Announcing Call for Papers for 38th Annual New Jersey College English Association
OUT OF SYNC: TEACHING LITERATURE in the DIGITAL ERA
This year’s conference seeks papers as well as electronic media projects focusing on the future of literature and writing studies in the early 21st century. Featuring panel discussions and professional demos, “Out of Sync: Teaching Literature in the Digital Era” proposes to examine how digital education technologies have recently transformed both the practice and instruction of the literary arts in today’s academy. Possible topics to be explored may include: the influence of big data, rapid innovation, and startup culture on the teaching and study of literature; how literary theory has responded politically, materially and aesthetically to the digital era; the shrinking size and intellectual role of humanities departments in postsecondary institutions. We are looking for both scholarship and apps or tech demonstrations that explore the intersection between literature and educational technology.
PRESENTATION PROPOSALS FOR THE FOLLOWING TWO CONFERENCE PANELS ARE NOW BEING ACCEPTED:
- After the Book: Critical Reflections on Digital Storytelling and its Challenges to Traditional Narrative Models in Electronic Literature.
As the literary arts continue to expand in scope to include multimodal formats and new production and distribution tools, the very concept of what a text is and how it functions is undergoing its most significant transformation in half a millennium. This panel welcomes papers on how traditional print-based modes of narration and storytelling will continue to develop as digital media. Possible topics include:
- Educational uses of digital storytelling
- The Move from narrative structures to databases as a mode of organizing, chronicling and communicating storylines.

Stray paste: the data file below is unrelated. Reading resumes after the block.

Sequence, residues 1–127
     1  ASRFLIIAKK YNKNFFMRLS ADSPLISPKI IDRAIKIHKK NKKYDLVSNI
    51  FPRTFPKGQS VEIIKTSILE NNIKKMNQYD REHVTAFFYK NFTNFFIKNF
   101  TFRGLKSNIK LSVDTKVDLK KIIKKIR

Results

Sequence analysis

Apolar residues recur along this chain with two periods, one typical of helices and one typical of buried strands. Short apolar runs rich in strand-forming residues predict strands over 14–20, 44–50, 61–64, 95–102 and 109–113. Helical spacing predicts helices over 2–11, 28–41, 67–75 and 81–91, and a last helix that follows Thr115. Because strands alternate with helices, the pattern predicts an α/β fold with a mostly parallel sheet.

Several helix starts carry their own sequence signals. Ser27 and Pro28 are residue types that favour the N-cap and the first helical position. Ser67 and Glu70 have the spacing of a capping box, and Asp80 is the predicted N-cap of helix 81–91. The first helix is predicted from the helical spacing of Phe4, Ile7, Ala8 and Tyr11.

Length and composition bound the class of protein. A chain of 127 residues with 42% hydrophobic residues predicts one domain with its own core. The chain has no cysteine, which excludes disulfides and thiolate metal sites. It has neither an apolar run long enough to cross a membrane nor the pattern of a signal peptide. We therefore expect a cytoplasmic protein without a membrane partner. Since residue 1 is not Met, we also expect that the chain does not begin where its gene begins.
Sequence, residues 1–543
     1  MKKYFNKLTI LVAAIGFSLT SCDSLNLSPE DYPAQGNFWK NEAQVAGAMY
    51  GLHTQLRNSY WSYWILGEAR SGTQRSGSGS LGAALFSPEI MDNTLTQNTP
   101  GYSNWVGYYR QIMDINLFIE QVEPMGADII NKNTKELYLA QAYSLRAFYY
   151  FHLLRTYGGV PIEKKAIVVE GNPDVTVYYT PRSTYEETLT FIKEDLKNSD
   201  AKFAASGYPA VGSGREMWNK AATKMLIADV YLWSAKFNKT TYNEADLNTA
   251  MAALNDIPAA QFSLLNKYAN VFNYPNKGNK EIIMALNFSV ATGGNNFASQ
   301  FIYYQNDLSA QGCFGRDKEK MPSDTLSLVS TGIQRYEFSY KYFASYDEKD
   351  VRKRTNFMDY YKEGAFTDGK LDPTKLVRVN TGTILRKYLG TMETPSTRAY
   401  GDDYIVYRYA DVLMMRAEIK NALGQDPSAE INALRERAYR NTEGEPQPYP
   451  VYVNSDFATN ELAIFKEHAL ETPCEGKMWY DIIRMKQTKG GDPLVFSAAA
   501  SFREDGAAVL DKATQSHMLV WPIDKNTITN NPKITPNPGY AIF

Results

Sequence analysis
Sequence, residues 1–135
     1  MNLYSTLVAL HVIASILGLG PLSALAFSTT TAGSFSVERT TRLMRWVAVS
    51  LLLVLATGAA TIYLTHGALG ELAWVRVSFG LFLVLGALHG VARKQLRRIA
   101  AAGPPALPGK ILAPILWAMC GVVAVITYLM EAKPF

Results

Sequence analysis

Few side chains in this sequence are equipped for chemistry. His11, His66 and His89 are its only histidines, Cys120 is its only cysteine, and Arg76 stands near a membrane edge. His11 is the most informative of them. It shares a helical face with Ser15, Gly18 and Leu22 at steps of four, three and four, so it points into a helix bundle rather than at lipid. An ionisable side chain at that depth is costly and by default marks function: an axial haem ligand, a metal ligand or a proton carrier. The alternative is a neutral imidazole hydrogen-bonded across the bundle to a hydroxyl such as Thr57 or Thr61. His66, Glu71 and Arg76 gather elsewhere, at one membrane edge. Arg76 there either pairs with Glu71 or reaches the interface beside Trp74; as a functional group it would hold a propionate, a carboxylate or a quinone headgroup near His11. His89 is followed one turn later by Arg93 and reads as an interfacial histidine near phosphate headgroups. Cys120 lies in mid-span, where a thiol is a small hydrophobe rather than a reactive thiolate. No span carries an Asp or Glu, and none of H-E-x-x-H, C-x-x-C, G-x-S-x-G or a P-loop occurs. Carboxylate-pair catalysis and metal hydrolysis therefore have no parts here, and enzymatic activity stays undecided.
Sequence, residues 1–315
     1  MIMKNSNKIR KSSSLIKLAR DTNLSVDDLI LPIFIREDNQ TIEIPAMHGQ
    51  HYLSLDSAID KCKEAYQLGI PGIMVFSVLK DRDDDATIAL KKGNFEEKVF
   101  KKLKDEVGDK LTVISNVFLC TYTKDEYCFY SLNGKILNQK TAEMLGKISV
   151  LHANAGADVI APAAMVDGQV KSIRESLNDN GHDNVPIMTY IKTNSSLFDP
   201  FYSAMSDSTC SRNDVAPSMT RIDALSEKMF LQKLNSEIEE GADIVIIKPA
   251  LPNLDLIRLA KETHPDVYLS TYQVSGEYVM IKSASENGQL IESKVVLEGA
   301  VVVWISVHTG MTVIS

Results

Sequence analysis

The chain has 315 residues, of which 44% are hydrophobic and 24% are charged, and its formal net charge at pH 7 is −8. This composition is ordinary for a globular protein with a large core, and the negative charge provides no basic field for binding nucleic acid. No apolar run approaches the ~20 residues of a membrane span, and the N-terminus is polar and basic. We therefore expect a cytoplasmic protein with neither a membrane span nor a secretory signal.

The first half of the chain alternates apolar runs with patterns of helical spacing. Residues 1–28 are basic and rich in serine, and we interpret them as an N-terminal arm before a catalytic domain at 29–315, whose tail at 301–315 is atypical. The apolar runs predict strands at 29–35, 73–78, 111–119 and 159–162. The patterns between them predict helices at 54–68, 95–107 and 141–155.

- Coding as a literary form
- Immersion and interactive narratives within digital media
- Narratology and multimodal media formats
- Precariat Labor and University Teaching in the Humanities
By now we’re all familiar with the same oft-quoted statistics: the ratio of available tenure-track positions in American universities to the amount of Ph.Ds awarded each year is roughly 1:7. In Humanities related fields that ratio is even more unbalanced. Undergraduates in most English programs across the country have less than a 50 per cent chance of having a tenured or tenure-track faculty member as their professor. This panel welcomes papers on how the increasingly precarious state of employment for university professors is likely affecting scholarship, pedagogy and course and program design in the literary arts and beyond. Possible topics include:
- Digital labor in the university: how digital technologies are transforming teaching and service in higher education
- Role of literature in an information-based economy and its relationship to the so-called “creative industries.”
- Ethnographies of digital work: the race and gender politics of online courses
- Digital labor and gaming/gamification in relation to online teaching and course design
- The Networked Student: the use and effect of crowdsourcing on student assignments and curriculum design
- The use of automated essay scoring in online teaching
Presentation Proposals of 250-500 words can be submitted here: http://goo.gl/forms/fFzGwTCWHU
DEADLINE: January 16, 2015